A 24-Year-Old Man With Down Syndrome and Shortness of Breath

Dieu-Thu Nguyen-Khoa, MD; Mona Sabeti, MD; Anh H. Au, MD


September 30, 2014


The patient's chest radiograph showed bilateral lung masses of varying sizes, including multiple "cannonball" lesions (Figure 1).

The left lung had a laterally located 9 x 6 cm mass, in addition to a 7-cm mass in the left lung base; a 7.5-cm mass was seen in the right lung. After the patient's chest radiograph was reviewed, metastatic cancer was considered because of the nature of the lesions.

A more thorough physical examination was done, and the patient was found to have a firm, nontender mass in the left testicle. Ultrasonography of the testicles was performed and demonstrated a 4.4 x 4.8 x 2.6 cm heterogeneous lobulated mass in the left testicle, with areas of flow to some portions and lack of flow to other portions (Figures 2 and 3).

This mass was highly suggestive of testicular cancer. There was also extensive associated microlithiasis and a small hydrocele in the affected testicle. Further laboratory testing revealed elevated levels of serum tumor markers; the beta-human chorionic gonadotropin (hCG) level was 6992 mIU/mL (normal range, < 5 mIU/mL), and the alpha-fetoprotein (AFP) level was 1789 ng/mL (normal range, 0-20 ng/mL). A diagnosis of testicular cancer with lung metastases was established.

Testicular cancer is a rapidly progressive cancer that, despite being rare and accounting for only 1% of all types of cancer in men, is still the most common solid tumor in men aged 15-35 years. Testicular cancer must always be considered in any adolescent, young adult, or middle-aged man who presents with a testicular mass. Other risk factors for testicular cancer are family history, gonadal dysgenesis, Klinefelter syndrome, Down syndrome, or a history of cryptorchidism.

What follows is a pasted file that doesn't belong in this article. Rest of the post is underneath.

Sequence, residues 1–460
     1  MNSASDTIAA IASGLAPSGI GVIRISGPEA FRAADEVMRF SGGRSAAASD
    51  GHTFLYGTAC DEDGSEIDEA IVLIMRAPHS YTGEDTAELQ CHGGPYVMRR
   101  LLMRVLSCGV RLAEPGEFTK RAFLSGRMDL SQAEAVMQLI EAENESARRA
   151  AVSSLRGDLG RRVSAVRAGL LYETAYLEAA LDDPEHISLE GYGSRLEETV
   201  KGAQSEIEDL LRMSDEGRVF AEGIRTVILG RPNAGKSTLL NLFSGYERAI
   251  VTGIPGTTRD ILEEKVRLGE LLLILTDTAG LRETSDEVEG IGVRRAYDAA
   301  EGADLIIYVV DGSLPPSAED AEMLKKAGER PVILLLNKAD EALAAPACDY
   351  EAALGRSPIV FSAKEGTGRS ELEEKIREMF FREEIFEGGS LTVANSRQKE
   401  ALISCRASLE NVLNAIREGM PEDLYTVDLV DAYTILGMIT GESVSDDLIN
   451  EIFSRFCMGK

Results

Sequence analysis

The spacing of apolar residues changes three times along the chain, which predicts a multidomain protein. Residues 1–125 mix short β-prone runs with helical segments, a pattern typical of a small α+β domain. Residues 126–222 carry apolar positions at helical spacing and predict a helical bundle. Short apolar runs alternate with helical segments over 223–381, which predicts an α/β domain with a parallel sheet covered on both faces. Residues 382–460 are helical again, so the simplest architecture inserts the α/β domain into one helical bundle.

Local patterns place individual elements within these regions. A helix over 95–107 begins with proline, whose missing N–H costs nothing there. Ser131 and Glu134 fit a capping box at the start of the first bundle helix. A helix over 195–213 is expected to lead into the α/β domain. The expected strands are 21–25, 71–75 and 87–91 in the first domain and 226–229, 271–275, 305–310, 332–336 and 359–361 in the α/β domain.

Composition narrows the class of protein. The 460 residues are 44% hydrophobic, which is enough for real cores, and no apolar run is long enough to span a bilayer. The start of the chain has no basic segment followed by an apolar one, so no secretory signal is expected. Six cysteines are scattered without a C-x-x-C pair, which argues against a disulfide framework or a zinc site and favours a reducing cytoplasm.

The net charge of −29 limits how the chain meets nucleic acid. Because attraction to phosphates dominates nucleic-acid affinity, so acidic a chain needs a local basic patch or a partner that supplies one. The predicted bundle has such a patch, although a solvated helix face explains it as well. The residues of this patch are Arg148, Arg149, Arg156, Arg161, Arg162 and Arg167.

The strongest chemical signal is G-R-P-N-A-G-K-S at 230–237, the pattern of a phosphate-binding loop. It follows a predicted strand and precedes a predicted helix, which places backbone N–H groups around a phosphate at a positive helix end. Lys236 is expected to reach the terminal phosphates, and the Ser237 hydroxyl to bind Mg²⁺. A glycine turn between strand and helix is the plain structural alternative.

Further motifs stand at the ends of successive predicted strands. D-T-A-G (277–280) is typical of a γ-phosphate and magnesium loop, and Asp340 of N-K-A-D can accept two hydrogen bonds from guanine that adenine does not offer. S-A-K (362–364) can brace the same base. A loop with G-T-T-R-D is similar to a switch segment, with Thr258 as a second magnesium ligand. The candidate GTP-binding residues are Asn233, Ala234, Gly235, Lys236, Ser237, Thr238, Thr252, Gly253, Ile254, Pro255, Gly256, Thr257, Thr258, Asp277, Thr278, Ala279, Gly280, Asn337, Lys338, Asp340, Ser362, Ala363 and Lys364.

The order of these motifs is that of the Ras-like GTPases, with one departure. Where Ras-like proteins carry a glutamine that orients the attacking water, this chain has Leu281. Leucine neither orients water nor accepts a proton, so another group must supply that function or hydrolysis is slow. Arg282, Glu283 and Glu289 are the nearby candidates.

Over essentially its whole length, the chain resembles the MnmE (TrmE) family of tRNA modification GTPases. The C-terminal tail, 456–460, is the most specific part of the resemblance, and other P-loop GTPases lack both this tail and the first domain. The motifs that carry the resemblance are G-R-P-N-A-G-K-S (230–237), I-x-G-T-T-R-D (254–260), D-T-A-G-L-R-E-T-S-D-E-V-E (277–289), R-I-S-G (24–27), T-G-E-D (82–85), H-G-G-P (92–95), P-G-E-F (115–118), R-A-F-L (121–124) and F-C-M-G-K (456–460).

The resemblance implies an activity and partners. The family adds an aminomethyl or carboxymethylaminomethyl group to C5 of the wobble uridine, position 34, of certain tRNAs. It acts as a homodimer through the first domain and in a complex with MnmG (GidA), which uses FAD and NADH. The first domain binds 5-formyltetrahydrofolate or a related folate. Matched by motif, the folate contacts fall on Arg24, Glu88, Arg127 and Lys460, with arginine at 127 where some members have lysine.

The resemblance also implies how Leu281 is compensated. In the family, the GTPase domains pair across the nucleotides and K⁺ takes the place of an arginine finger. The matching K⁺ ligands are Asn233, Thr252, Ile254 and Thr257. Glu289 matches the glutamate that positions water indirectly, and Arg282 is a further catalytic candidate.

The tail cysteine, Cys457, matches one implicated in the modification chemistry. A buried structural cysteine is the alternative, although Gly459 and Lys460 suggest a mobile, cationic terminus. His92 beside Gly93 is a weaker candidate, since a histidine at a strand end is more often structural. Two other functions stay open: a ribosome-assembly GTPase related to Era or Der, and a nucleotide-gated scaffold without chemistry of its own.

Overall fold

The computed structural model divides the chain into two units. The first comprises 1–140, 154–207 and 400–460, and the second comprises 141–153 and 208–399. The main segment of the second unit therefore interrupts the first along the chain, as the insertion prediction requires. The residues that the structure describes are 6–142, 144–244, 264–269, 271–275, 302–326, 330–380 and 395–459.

Orchiopexy does not prevent the occurrence of cancer, but it facilitates diagnosis by allowing the surgically descended testes to be palpated and assessed for masses. Patients who receive orchiopexy after 12 years of age have a higher relative risk for testicular cancer than those who undergo corrective surgery at an earlier age.[1] Men with a history of testicular cancer have an increased risk for cancer in the other testicle up to 25 years after diagnosis. Infertility may be linked with testicular cancer; most men have an abnormal semen analysis at the time of diagnosis.[2,3]

The most common presentation in patients with testicular cancer is a painless lump felt in the testicle by the man or his partner. Unilateral testicular enlargement can also be a sign of testicular cancer. The patient may have nonspecific back pain at initial presentation caused by retroperitoneal lymphadenopathy. If lung metastases have developed, the patient may present with dyspnea or hemoptysis. Other signs and symptoms, such as testicular redness, swelling, discomfort, and pain, can occur as well. Other testicular conditions, such as epididymitis, hematocele, and varicocele, have been noted to have a similar presentation as testicular cancer.[3]


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